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New Technique Helps Understand Conditions Under Which Selective Amnesia Occurs

  March, 16 2001 21:48
your information resource in human molecular genetics

Whether or not we can choose to lose memories has been a controversial question since Freud claimed we can consciously forget or ‘repress’ unwanted memories, for example after traumatic events.

This week in Nature (Vol. 410, No. 6826, 15 Mar 2001), Michael Anderson and Collin Green of the University of Oregon have mimicked memory repression in the laboratory. They show that people who deliberately try to forget certain words do have trouble recalling them later — even when offered money for the right answer.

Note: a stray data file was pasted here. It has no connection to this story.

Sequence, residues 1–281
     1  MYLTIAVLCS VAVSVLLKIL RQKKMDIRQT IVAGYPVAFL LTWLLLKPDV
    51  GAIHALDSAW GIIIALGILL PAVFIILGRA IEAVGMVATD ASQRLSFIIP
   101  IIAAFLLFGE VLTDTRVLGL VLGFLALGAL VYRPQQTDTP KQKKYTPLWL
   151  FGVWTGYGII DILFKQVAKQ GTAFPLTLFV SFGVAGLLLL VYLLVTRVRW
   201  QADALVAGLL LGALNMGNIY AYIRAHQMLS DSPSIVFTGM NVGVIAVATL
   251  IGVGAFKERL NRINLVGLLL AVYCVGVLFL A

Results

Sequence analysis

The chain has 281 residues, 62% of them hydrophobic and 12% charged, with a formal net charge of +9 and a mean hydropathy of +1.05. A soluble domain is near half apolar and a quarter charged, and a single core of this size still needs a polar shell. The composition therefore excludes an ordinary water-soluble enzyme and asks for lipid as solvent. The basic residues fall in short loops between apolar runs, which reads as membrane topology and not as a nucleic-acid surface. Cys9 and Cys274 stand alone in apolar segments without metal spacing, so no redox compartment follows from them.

The new technique is a powerful way to start understanding the conditions under which selective amnesia occurs. At the extreme, this type of amnesia may be related to that suffered by victims of child abuse or in post-traumatic stress disorder. "You can’t control what you remember. But maybe you can consciously manipulate it if you think about it, or avoid it consistently," says Martin Conway of the University of Bristol, who writes an accompanying News and Views article.


Michael Anderson
tel +1 543 346 4796,
e-mail mcanders@darkwing.uoregon.edu

Martin Conway
tel +44 117 928 8548
e-mail M.A.Conway@bristol.ac.uk

(C) Nature press release.

Message posted by: Trevor M. D'Souza

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